Venice — the Menace

Venice is sinking. The famed tourist destination is going underwater in historic floods, raising alarm across the world among cultural and literary cognoscenti and students and purveyors of travel and history. The American humorist Robert Benchley’s infamous epigrammatic telegram (“Streets full of water. Please advise.”) to NewYorker Editor Harold Ross (who had sent him there to write a travelog) has brought many a smile to one lips. But a grimace is in order amid news that it is not just Venetian streets that are overflowing but the waters are also entering Venetian homes and establishments in what is being called worst flooding in half a century.

The immediate and easily identifiable culprit is climate change and global warming, but as one commentator has said “we are not innocent victims of the elemental gods.” Venice is all about commerce, and according to Shaul Bassi, director of the Center for the Humanities and Social Change at Ca’ Foscari University of Venice “many fellow Venetians are perfectly happy to profit from the mindless economy that is making tourism the only game in town, despoiling Venice of its residents and students, and losing all the care and expertise needed to preserve this fragile and wonderful place.” The flooding, Bassi writes in the New York Times, is all but a natural catastrophe, caused by the indiscriminate tampering with an ecosystem nurtured by Venice for centuries, the impact of the cruise ships, threatening new intrusive excavations of the lagoon and the rapacious investment in tourism.

It is not just Venice, but cultural and historical monuments across the world are being overrun by (often unmindful) tourists pulled in by tourism department promotions and chambers of commerce. Venice attracts more than 26 million tourists annually (incidentally, three times as many as the Taj Mahal). The city has only 54,000 residents, so the windfall in terms of tourist dollars ($ 40 billion in 2018) is enormous. Despite the exasperation at tourists stampeding and splashing through the city, Venetians love them. But as Jessica (or Shakespeare) says in The Merchant of Venice, “love is blind and lovers cannot see/the pretty follies that themselves commit.”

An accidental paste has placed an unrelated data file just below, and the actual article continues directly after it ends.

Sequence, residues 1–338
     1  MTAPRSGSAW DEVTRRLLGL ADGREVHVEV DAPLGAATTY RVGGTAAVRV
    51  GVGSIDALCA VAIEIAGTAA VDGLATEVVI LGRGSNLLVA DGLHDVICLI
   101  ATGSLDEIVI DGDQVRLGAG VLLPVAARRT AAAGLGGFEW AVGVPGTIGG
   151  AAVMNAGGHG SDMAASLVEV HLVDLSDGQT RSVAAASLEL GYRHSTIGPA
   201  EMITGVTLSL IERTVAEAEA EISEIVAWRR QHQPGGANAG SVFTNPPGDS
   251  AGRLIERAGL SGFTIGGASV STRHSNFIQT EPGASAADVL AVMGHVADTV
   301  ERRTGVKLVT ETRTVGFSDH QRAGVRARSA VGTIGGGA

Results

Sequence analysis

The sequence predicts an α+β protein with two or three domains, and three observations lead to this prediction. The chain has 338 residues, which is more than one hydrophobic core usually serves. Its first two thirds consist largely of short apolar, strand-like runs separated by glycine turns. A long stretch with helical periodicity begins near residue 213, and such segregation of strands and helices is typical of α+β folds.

At some point, tourist sites and attractions of historical and cultural value like Venice and Luxor and Taj and Angkor Wat will have to consider a trade-off between tourist revenue and preservation. Last year, authorities increased the ticket price of entry to Taj Mahal from Rs 50 per head to Rs 250 (about $ 4) to staunch footfall to the famed monument after they found the marble floors were being damaged by the 15,000 tourists who jostle through it every day (70,000 during weekends). Is it possible that the pricing is structured in such a way that the traffic is better regulated and there is less stress on such sites?

This might sound like sacrilege to those who want an egalitarian approach so that the poor also have access to cultural and historical riches. Fair and true. But it should not be difficult to design a system that incorporates a lottery that will allow lucky winners to access the sites freely; or have designated free or subsidized open hours, while charging a premium price for protected or special hours. After all, foreign tourists are already being charged a different gate prices in India on grounds that they can afford more. Taking this further, why not a premium price for visiting Taj during full moon nights, of course with a certain number of free entries by lottery?

Regulating visitors and visiting hours and improving the revenue stream will also yield the lolly that can be used better for preserving these historic sites. It is one thing for Disney World (52 million visitors annually) and Las Vegas (42 million) to be able to take in endless visitors and profit by tourist traffic. But Venice and Taj and Hampi cannot afford unregulated traffic. They will sink under the footfall.

DISCLAIMER : Views expressed above are the author’s own.

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